dear media people:

I mean many of you (not all, see p.s.) but especially you, dear CBC Radio, because you are the media people I often pay attention to and lately I’ve heard you mention a little too often, a certain store about to open in the Toronto area. Soft openings. Grand openings. Why and when and what and oh golly!— each time I switch off the radio and mutter bad words in frustration.

Worse, I fear there’s more of it to come as soft openings and grand openings approach.

I don’t know much, but I do know this: this [yet another] big American store doesn’t need our help although I’m sure it’s grateful for all the attention it’s getting. Free and regular promos. From our public broadcaster no less. And so, as someone who happily and proudly supports you in many ways, I have a question:

Why are you doing this??

I mean it’s not like big American stores opening up in Canada and selling loads of cheap stuff made under questionable conditions in countries far, far away is news. And if you’re worried that they might open and no one will notice and you feel duty bound to inform us of such goings-on, may you rest assured that word will spread even if you utter not another syllable about it.

Surely a store opening is not news, nor are the stages of its development worthy of monitoring. At least not this kind of store. Unfortunately, this store will do just fine without one bit of media interest.

Who might benefit from your attention, however, are the smaller, local indies that will suffer in the shadow of this most recent behemoth. Why not save your air time for THAT kind of news? News of butchers and bakers and candlestick makers that, despite being largely ignored by the media, and against the odds, continue in their Sisyphean task of slowing the rate of the world’s devolution to soulless Big Box status.

It’s the candlestick makers that keep us human.

Here’s the thing… No one will build communities for us. Builders only build profits. It’s up to us to build communities. And we build them by being informed of what’s out there and then supporting it. And I don’t mean only the new or funky patios in certain neighbourhoods but all manner of businesses across the city, the GTA, the province, the country—stores, restaurants, markets, manufacturers, service providers—real people who make a living despite the Goliaths, and who make those livings in real ways, and deserve real support.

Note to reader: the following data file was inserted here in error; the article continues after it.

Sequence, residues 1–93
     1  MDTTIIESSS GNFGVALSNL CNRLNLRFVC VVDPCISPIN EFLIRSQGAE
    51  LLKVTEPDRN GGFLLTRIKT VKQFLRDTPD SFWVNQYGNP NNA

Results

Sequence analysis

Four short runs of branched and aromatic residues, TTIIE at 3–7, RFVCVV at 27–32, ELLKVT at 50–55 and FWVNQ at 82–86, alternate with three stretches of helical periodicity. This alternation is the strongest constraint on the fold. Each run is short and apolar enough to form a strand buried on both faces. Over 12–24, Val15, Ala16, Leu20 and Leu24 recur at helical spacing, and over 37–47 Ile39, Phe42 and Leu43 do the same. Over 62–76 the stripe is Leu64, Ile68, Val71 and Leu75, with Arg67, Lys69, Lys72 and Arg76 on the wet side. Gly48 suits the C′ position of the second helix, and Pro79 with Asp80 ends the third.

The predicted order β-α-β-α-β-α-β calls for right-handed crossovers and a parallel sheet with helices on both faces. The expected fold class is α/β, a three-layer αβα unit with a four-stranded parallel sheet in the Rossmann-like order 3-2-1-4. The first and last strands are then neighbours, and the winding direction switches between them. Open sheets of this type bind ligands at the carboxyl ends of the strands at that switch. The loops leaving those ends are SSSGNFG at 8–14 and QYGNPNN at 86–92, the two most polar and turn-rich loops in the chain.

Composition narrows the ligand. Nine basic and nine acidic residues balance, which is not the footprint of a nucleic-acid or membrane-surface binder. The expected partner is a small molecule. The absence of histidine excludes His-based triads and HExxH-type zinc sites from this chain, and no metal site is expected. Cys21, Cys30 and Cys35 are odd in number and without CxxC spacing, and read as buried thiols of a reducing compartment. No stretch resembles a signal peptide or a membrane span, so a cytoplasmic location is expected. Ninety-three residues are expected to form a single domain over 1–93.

If the Big Store Opening must be mentioned on your airwaves, although I have NO IDEA why it must be… then please leave it for the top of the hour news on the day of the opening. That’s more than enough ‘information’.

There’s worthier out there, and the power you wield is no small potatoes.

Please use that power wisely.

Yours sincerely,

carin makuz.

p.s. Thank you to THIS Magazine for continuing to be you, with *this*… WTF, indeed.


deciphering messages

Funny the domino effect of things.

Or whatever it is.

Yesterday I read Rona Maynard’s musings and reflections on ice cream. Today the stuff is everywhere I go. On CBC this morning with Matt Galloway. On the side of the semi that pulls out in front of me and makes me say bad words as enormous tubs of vanilla, cherry, chocolate, pecan-swirl momentarily tower over me—I can’t remember the brand. 

And, oh look, there it is again on a sign that I’ve probably passed ten or twenty thousand times on my way to the place where I buy happy meat and eggs and the best butter tarts I’ve ever tasted—but I’ve never noticed the great honking strawberry cone before. 

Most bizarrely of all, it’s in my mum’s fridge.

Three individual servings of vanilla and butterscotch, untouched and melting. So instead of making the usual oatmeal or toast for her breakfast, which has been getting little or no reaction recently, I pour the ice cream into her coffee, then pour some more over canned peaches.

She laps it up, asks for seconds. 

She’s almost ninety. What can it hurt?

A recent stroke has left her unable to do much for herself and this gets her down—everyone ‘doing’ for her, helping her dress and wash, preparing meals. She recently stopped enjoying food entirely, so when I see her licking her fingers, everything makes sense, the semi, Matt Galloway, Rona Maynard—it occurs to me there’s a message in all these ice cream sightings—ie. life is too bleeping short for oatmeal every morning—at least give the poor woman a dollop of coffee toffee mocha crunch with it…

And of course it makes complete and perfect sense.

Funny indeed how these things work.